Is there a cure for imposter syndrome? Eventually, but it would take a massive cultural change, away from throwing out undue praise and criticism and moving toward a more honest way of critiquing other people’s work. It’s not the kind of thing that any one person can eradicate.

Personal cures for imposter syndrome are equally illusive. I usually have to wait out my bouts of no-confidence, working on another project in the meantime to keep busy. Which might be the reason I typically have three or four projects running at the same time. I’ve also found it useful to read a bit of my very early work, then read newer stuff. It helps me see how much I’ve improved.

I chuckled to myself when I read about the use of writing therapy as a treatment for imposter syndrome. That might work for non-writers, but what about the rest of us? Even something as simple as listing my accomplishments for the day is liable to turn into an hour-long grumble about the grammar and syntax of my list, and how it proves that I’m not at a professional level of writing.

But I’ve babbled at you long enough. Now it’s your turn- what are your experiences with imposter syndrome and how do you overcome that weird contradiction of being depressed by praise?

Blake Smith doesn’t know what she wants to be when she grows up. In the meantime, she’s a writer of historical fiction and fantasy, in between tending her horses, gardening, and pretending to cook. For more information about her books, visit her Amazon Author Page.

Blake is also the newest member of MGC and will be posting several times a months. Please give her a warm welcome! – ASG

  1. I recommend WMG’s workshops.

    January 24, 2018
  2. c4c And welcome to the Asylum Blake!

    January 24, 2018
    • Thanks! I was wondering where the nice people in white coats were taking me. ‘The zoo’- harumph! See if I ever listen to them again.

      January 24, 2018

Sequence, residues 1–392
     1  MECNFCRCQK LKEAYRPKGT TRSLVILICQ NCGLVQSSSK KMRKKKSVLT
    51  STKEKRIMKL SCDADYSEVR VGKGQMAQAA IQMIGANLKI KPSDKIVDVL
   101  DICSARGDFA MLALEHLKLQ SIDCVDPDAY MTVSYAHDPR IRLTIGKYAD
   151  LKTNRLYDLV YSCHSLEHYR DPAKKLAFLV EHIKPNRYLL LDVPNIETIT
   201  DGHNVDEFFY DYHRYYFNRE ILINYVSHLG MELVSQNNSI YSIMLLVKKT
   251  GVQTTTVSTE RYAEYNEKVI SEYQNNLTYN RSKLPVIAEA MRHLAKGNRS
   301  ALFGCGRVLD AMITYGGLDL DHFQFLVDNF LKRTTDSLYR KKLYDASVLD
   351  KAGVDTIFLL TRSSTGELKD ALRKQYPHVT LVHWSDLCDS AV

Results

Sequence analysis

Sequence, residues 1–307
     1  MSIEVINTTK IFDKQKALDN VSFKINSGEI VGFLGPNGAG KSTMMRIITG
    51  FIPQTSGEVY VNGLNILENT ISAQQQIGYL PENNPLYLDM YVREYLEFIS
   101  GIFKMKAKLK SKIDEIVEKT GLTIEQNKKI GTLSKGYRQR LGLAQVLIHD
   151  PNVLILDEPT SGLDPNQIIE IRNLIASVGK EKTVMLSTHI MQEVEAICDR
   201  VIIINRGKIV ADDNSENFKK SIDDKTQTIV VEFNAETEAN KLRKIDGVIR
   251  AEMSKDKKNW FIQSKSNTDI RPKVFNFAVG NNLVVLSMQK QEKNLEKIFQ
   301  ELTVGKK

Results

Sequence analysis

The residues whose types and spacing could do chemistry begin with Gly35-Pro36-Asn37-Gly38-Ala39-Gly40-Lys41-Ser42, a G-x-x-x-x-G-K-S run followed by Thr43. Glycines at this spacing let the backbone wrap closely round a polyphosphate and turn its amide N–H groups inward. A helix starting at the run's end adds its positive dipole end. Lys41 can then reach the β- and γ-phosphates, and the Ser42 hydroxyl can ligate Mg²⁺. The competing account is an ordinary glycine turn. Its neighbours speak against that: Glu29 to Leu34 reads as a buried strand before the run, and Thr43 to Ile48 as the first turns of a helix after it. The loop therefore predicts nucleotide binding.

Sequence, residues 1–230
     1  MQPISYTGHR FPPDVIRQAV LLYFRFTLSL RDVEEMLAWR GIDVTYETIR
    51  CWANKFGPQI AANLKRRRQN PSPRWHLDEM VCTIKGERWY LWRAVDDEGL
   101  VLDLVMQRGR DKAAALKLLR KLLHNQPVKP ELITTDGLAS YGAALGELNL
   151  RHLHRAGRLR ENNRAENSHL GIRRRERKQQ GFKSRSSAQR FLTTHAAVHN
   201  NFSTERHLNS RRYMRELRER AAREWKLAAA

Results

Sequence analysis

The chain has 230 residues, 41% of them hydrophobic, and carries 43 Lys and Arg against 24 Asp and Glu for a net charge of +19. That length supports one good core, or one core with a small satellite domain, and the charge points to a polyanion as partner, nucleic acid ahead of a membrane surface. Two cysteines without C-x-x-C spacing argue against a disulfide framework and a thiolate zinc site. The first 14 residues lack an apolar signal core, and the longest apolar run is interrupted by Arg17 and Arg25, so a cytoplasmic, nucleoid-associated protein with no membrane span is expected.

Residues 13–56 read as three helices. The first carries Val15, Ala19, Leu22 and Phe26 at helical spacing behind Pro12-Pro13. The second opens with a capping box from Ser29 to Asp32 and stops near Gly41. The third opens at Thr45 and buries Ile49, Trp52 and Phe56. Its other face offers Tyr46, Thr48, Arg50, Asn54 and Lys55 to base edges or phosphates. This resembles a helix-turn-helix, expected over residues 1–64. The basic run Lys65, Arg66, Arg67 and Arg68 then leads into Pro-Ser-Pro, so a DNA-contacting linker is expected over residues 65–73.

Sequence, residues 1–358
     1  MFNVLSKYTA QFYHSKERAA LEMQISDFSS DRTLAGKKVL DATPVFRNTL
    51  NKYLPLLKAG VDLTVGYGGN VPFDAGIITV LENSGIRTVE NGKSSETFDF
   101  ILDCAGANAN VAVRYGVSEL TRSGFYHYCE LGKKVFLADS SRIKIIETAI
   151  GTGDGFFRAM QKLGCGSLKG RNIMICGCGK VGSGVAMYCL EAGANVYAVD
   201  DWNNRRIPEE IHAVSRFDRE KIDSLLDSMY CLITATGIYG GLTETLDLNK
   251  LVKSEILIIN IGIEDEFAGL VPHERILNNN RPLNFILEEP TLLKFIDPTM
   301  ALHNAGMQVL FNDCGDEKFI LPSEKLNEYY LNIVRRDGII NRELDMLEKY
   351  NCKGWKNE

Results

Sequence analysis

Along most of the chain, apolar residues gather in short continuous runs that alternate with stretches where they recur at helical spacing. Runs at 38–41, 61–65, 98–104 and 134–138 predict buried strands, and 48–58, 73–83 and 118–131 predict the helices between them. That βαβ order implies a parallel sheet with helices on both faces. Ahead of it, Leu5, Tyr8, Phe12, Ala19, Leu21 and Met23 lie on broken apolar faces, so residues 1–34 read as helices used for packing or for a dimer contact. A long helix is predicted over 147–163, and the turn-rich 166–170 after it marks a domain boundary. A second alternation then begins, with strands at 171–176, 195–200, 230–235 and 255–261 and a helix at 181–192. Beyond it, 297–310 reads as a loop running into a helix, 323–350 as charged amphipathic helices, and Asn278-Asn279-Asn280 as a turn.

• Confutus #

        [Looks around] No. I can’t have been mistaken all this time. This has to have been a zoo. Well, whichever it is, welcome anyway.

        January 24, 2018
      • No, no, they told you true. This is a zoo. It’s just a little stranger than most.

        January 24, 2018
      • We have dragons of various sorts, felines(also of various sorts), a Minotaur (North American Bull Man?), and others who have not yet specified (Occasionally a Tank drops in and I think we have at least one Attack Helicopter about, though I’m uncertain as to his formal nomenclature.) I think “Zoo” could be applicable.

        January 26, 2018
        • Draven #

          of what, we’re not supposed to say

          January 26, 2018
  3. C4c

    January 24, 2018
  4. “This is also an excellent reason to gently turn down your family and friends as beta readers. They inevitably praise your work”

    Not my family. Mom use to mock my early fanfics when she saw drafts on my desk. “That’s not writing”. (it was a page of dialogue)

    I let my father read something I had written back in college. Dad has a BS in Engineering and a MS in Education and fancies himself an editor. What I got back was nearly proof enough that I am not, never will be a writer. That was the last time I asked him to read my work. I never told him that I had finished a novel length work, or that I had tried submitting to a couple of publishers. (rejected, obviously)

    I let my older brother have a copy of the aforementioned work. He never finished it. (wish I knew where that copy went after he died. There were only 3 paper copies.)